Sophisticated Hacks Against Android, Windows Reveal Zero-Day Trove
threatpost.com/hacks-android-windows-zero-day/163007/ Google researchers have detailed a major hacking campaign that was detected in early 2020, which mounted a series of sophisticated attacks, some using zero-day flaws, against Windows and Android platforms. The team spent months analyzing the attacks, including examining what happened post-exploitation on Android devices. In that case, additional payloads were delivered that collected device fingerprinting information, location data, a list of running processes and a list of installed applications for the phone.
Iranian cyberspies behind major Christmas SMS spear-phishing campaign
www.zdnet.com/article/iranian-cyberspies-behind-major-christmas-sms-spear-phishing-campaign/ An Iranian cyber-espionage group known as Charming Kitten (APT35 or Phosphorus) has used the recent winter holiday break to attack targets from all over the world using a very sophisticated spear-phishing campaign that involved not only email attacks but also SMS messages. “Charming Kitten has taken full advantage of this timing to execute its new campaign to maximum effect,” said CERTFA, a cybersecurity organization specialized in tracking Iranian operations.
Reikä siellä missä ei pitäisi: Microsoftin tietoturvaohjelmistossa vakava aukko päivitä heti
www.tivi.fi/uutiset/tv/70970e6c-e143-494d-953b-9e960c5f0181 Microsoft julkaisi tiistaina päivityksiä ohjelmistoihinsa. Kyberturvallisuuskeskus kiinnittää erityisesti huomiota Microsoft Defenderin haavoittuvuuteen (CVE-2021-1647), joka mahdollistaa hyökkääjän haltuun saamalla koneella etänä suoritettavat komennot.
Microsoft fixes Secure Boot bug allowing Windows rootkit installation
www.bleepingcomputer.com/news/security/microsoft-fixes-secure-boot-bug-allowing-windows-rootkit-installation/ Microsoft has fixed a security feature bypass vulnerability in Secure Boot that allows attackers to compromise the operating systems booting process even when Secure Boot is enabled. Secure Boot blocks untrusted operating systems bootloaders on computers with Unified Extensible Firmware Interface (UEFI) firmware and a Trusted Platform Module (TPM) chip to help prevent rootkits from loading during the OS startup process.
Attackers Exploit Poor Cyber Hygiene to Compromise Cloud Security Environments
us-cert.cisa.gov/ncas/current-activity/2021/01/13/attackers-exploit-poor-cyber-hygiene-compromise-cloud-security CISA is aware of several recent successful cyberattacks against various organizations cloud services. Threat actors used a variety of tactics and techniques, including phishing and brute force logins, to attempt to exploit weaknesses in cloud security practices. In response, CISA has released Analysis Report AR21-013A: Strengthening Security Configurations to Defend Against Attackers Targeting Cloud Services which provides technical details and indicators of compromise to help detect and respond to potential attacks. Report:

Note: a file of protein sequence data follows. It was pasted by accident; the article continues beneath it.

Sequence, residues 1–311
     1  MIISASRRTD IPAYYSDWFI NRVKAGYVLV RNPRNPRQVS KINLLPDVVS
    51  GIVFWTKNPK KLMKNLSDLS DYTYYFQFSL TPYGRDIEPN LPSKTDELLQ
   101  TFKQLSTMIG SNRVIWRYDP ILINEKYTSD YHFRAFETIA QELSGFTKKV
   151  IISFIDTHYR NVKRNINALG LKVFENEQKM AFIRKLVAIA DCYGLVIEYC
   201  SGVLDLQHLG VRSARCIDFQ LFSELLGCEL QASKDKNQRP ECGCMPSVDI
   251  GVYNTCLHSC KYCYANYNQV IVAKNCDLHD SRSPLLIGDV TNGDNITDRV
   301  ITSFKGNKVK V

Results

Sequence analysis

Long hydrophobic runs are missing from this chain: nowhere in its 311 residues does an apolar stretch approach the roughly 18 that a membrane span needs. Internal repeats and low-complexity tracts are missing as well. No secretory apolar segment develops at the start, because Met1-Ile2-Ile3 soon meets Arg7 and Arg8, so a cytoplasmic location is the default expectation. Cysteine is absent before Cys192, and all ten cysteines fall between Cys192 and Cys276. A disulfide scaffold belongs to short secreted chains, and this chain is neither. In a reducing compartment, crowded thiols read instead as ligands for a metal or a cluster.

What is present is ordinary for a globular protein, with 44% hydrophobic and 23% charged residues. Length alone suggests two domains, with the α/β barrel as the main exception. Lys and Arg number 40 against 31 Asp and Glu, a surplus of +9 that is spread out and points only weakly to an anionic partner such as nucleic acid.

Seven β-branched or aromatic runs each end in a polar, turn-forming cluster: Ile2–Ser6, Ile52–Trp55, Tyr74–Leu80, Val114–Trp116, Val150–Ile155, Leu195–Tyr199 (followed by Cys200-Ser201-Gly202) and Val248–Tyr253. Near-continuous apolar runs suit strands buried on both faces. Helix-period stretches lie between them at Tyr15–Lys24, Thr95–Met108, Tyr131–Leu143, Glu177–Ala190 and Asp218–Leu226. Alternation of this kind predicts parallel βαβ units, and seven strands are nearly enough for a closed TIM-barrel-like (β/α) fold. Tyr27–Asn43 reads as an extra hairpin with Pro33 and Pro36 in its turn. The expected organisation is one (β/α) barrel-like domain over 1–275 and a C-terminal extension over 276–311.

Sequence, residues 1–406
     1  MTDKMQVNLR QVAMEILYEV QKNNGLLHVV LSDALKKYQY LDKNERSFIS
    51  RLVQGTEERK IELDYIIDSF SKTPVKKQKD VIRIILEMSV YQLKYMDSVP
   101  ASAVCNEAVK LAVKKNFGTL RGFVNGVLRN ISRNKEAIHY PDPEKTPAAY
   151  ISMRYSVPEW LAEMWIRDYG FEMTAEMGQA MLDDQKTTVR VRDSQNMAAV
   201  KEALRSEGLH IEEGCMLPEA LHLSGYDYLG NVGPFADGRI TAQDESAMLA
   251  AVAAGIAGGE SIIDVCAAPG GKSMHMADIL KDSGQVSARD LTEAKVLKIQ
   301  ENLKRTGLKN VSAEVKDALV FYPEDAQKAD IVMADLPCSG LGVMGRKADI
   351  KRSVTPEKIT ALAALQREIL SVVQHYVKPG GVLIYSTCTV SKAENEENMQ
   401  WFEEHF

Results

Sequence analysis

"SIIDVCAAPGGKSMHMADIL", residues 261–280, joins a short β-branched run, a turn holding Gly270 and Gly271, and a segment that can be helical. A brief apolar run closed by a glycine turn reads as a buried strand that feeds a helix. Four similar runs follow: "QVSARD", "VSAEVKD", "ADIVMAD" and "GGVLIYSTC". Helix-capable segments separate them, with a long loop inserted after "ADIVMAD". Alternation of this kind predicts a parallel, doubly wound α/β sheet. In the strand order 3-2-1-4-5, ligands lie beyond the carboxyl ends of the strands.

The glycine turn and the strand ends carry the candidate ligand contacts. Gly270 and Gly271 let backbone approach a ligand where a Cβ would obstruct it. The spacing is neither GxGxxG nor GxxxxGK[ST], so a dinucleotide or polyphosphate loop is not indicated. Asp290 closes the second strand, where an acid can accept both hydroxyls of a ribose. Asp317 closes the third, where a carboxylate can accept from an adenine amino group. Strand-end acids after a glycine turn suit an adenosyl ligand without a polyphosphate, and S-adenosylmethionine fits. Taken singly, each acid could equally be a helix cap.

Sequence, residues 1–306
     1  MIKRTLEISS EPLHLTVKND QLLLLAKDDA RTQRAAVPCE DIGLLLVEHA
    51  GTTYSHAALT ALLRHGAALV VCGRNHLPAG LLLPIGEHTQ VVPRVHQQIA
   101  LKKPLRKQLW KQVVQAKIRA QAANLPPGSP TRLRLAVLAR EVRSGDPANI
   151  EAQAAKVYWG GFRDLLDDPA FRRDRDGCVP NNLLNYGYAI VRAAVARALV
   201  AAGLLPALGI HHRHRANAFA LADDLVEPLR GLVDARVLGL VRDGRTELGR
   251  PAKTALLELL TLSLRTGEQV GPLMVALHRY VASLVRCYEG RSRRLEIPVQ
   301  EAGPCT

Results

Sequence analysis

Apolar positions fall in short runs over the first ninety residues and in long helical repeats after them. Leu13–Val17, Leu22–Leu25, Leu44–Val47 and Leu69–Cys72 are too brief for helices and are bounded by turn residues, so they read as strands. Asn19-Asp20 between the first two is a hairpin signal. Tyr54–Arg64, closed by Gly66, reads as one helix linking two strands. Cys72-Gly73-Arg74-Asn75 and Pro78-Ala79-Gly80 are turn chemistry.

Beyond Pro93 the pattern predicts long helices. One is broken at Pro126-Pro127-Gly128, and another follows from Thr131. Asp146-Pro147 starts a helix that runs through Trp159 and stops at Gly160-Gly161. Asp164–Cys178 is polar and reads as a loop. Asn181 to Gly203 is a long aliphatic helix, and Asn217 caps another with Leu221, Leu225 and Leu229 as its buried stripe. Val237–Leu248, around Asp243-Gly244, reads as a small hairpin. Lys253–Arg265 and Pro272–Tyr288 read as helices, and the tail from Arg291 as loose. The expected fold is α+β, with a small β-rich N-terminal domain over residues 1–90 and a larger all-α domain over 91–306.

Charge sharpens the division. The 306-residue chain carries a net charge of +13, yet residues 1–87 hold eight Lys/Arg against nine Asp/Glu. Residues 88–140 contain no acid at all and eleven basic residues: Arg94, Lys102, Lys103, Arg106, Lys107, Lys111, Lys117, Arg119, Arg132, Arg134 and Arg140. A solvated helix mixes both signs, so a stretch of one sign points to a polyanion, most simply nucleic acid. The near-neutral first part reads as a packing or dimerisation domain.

Critical WordPress-Plugin Bug Found in Orbit Fox Allows Site Takeover
threatpost.com/orbit-fox-wordpress-plugin-bugs/163020/ Two vulnerabilities (one critical) in a WordPress plugin called Orbit Fox could allow attackers to inject malicious code into vulnerable websites and/or take control of a website. Orbit Fox is a multi-featured WordPress plugin that works with the Elementor, Beaver Builder and Gutenberg site-building utilities. It allows site administrators to add features such as registration forms and widgets. The plugin, from a developer called ThemeIsle, has been installed by 400,000+ sites.
New Variant of Ursnif Continuously Targeting Italy
www.fortinet.com/blog/threat-research/new-variant-of-ursnif-continuously-targeting-italy Ursnif (also known as Gozi) is identified as a banking Trojan, but its variants also include components (backdoors, spyware, file injectors, etc.) capable of a wide variety of behaviors. The Ursnif Trojan has been observed targeting Italy over the past year. A few days ago, FortiGuard Labs detected a phishing campaign in the wild that was spreading a fresh variant of the Ursnif Trojan via an attached MS Word document that is continuously targeting Italy. Although Ursnif is identified as a banking Trojan, due to its C2 servers shutdown, this latest variant has been unable download the malicious banking module it needs to steal banking information from the victim, causing it to fail to start the second stage of its attack.